Andrew Evans of Northern Ireland is unimpressed with the subsidy farming that is commonplace in the European Union
A farmer from Northern Ireland has decided to sell his dairy farm that has been in his family for three generations and move to Canada.
Andrew Evans, 42, plans to start a new life in Dauphin, Man., with wife, Sandra, and their children Daniel, Adam, Rhoda, Ruth and Jordan, who range from nine to 16 years old.
It’s been a tough decision for Evans and one he hasn’t taken lightly but being fed up with the weather, working for a subsidy and a “top-heavy” local department of agriculture helped push Andrew across the Atlantic.
A former Royal Engineer in the British Armed Forces, Evans is the third generation to run the farm near Dungiven in County Londonderry, which has been in the family since the 1940s.
He was running 200 cows plus followers, which have all been sold along with the farm machinery in preparation for the big move.
“I worked hard to build up this farm following in the footsteps of my late father and grandfather,” said Evans.
“The herd was performing well, the business was doing OK but I was getting disheartened with our top-heavy department of agriculture and farming simply for a subsidy.
“Certainly, the inclement weather does not make it easy to farm here, and neither does the calendar farming restrictions imposed by Brussels such as the slurry ban, for example.
“But I am more concerned about farming just for a subsidy from the European Commission. Farmers are just breaking even these days. In my opinion subsidies have ruined farming here.
“I want to farm in a way that puts less restriction on me, in terms of developing a business,” said Evans. “And Canada seems to be that type of place. I travelled out there with my two eldest sons last November. We were all very impressed with what we saw.”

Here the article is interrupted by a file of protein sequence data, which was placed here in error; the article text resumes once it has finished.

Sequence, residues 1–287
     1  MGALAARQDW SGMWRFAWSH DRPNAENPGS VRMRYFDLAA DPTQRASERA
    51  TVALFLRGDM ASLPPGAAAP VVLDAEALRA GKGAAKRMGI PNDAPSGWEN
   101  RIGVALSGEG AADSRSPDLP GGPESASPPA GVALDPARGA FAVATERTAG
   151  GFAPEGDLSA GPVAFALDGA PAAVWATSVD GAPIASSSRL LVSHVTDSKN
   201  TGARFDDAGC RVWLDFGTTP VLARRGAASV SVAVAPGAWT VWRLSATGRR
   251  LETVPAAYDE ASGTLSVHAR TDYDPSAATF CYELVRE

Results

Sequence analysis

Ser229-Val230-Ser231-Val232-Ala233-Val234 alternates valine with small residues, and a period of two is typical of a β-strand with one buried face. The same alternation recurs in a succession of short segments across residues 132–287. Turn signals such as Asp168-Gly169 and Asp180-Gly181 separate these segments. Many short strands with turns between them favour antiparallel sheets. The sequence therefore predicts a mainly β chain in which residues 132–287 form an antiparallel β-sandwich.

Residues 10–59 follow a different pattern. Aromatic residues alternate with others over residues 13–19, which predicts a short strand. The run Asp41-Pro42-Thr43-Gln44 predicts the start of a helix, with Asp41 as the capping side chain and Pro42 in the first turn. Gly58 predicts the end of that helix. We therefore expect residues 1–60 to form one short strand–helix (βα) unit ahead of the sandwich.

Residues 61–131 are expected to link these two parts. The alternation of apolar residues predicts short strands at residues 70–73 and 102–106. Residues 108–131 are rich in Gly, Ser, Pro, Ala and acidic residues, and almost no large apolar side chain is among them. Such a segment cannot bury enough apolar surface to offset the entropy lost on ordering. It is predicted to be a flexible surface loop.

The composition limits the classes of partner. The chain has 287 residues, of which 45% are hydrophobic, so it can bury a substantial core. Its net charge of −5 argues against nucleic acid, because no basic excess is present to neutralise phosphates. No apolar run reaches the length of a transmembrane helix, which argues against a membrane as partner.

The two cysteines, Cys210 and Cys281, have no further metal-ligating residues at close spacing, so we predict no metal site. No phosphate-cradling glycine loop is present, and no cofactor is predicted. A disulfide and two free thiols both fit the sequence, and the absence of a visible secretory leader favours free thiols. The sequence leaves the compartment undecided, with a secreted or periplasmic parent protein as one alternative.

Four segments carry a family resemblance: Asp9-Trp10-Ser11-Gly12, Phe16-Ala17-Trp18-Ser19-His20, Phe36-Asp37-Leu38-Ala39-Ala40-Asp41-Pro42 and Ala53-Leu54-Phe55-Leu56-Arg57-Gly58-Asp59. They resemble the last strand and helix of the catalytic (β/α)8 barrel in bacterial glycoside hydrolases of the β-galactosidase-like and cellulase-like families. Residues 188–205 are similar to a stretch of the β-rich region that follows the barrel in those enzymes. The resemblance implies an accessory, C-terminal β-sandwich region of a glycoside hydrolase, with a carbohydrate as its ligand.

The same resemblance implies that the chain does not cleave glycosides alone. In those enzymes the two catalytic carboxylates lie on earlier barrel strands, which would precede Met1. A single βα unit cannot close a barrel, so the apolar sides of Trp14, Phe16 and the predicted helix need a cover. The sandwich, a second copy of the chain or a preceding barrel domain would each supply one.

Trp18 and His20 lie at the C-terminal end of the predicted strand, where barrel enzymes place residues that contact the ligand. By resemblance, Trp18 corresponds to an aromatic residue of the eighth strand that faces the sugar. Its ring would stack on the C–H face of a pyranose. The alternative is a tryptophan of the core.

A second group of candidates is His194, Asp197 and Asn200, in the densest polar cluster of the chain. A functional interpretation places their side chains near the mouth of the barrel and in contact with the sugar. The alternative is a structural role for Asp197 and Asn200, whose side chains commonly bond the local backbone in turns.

Evans was impressed with the farming systems he saw in Manitoba, and more so in the Dauphin area.
He already has a farm in mind that he would like to buy but intends to travel to Canada soon to spend three weeks in Dauphin to get a better feel for the farm and the general area.
“Dauphin is a town that really appeals to me,” said Andrew. “The area is nice and I did visit a good farm last time that is for sale. I hope to go back there and see if a deal can be done.”
Evans said his wife and family support the move and they have already started the emigration process.
“Our own farm is not sold as yet but I am confident it will sell once the basic payments have been applied for.
“I am hoping to leave my 222 acres here behind and work with around 2,000 acres in Canada. The pound to dollar exchange rate is currently working in our favour,” he added.
Evans joked that his wife will not let him return to milking cows on the new farm but he admits his heart is in livestock farming.
“I think my days milking cows are definitely over if Sandra gets her way,” he said. “The farm I am looking at has around 800 acres arable land. I would hope to grow my own cereals to feed cattle on the farm.
“Cash flow is a real necessity on any farm and I think the combination of crops and rearing cattle will bring us in a regular income to get us going.
“The move is a big one but my three sons all want to farm and there is no room for all of us on the home farm,” said Evans.